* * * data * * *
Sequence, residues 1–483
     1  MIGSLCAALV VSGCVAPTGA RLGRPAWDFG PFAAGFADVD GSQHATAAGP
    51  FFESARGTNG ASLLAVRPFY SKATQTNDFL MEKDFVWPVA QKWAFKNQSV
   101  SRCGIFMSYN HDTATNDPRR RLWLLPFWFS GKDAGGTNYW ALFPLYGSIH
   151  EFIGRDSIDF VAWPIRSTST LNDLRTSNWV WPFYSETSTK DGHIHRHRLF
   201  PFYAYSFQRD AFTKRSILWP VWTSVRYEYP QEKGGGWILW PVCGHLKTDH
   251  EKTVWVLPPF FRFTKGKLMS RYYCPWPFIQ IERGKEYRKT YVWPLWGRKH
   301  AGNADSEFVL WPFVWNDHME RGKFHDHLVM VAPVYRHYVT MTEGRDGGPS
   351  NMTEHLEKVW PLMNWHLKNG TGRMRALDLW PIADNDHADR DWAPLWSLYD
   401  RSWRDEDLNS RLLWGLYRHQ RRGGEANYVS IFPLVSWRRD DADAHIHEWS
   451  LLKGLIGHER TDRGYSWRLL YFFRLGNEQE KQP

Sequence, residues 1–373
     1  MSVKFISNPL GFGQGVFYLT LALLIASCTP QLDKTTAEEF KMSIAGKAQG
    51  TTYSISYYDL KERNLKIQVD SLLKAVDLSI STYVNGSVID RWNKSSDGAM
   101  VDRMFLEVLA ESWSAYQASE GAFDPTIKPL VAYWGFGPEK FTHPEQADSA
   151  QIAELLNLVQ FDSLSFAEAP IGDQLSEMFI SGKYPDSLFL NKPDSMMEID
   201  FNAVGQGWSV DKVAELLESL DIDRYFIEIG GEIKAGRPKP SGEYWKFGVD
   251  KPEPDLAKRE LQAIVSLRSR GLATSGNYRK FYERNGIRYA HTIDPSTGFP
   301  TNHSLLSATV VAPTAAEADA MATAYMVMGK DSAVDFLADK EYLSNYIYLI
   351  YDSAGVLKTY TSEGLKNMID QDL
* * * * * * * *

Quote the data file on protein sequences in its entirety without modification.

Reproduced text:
Sequence, residues 1–483
     1  MIGSLCAALV VSGCVAPTGA RLGRPAWDFG PFAAGFADVD GSQHATAAGP
    51  FFESARGTNG ASLLAVRPFY SKATQTNDFL MEKDFVWPVA QKWAFKNQSV
   101  SRCGIFMSYN HDTATNDPRR RLWLLPFWFS GKDAGGTNYW ALFPLYGSIH
   151  EFIGRDSIDF VAWPIRSTST LNDLRTSNWV WPFYSETSTK DGHIHRHRLF
   201  PFYAYSFQRD AFTKRSILWP VWTSVRYEYP QEKGGGWILW PVCGHLKTDH
   251  EKTVWVLPPF FRFTKGKLMS RYYCPWPFIQ IERGKEYRKT YVWPLWGRKH
   301  AGNADSEFVL WPFVWNDHME RGKFHDHLVM VAPVYRHYVT MTEGRDGGPS
   351  NMTEHLEKVW PLMNWHLKNG TGRMRALDLW PIADNDHADR DWAPLWSLYD
   401  RSWRDEDLNS RLLWGLYRHQ RRGGEANYVS IFPLVSWRRD DADAHIHEWS
   451  LLKGLIGHER TDRGYSWRLL YFFRLGNEQE KQP

Sequence, residues 1–373
     1  MSVKFISNPL GFGQGVFYLT LALLIASCTP QLDKTTAEEF KMSIAGKAQG
    51  TTYSISYYDL KERNLKIQVD SLLKAVDLSI STYVNGSVID RWNKSSDGAM
   101  VDRMFLEVLA ESWSAYQASE GAFDPTIKPL VAYWGFGPEK FTHPEQADSA
   151  QIAELLNLVQ FDSLSFAEAP IGDQLSEMFI SGKYPDSLFL NKPDSMMEID
   201  FNAVGQGWSV DKVAELLESL DIDRYFIEIG GEIKAGRPKP SGEYWKFGVD
   251  KPEPDLAKRE LQAIVSLRSR GLATSGNYRK FYERNGIRYA HTIDPSTGFP
   301  TNHSLLSATV VAPTAAEADA MATAYMVMGK DSAVDFLADK EYLSNYIYLI
   351  YDSAGVLKTY TSEGLKNMID QDL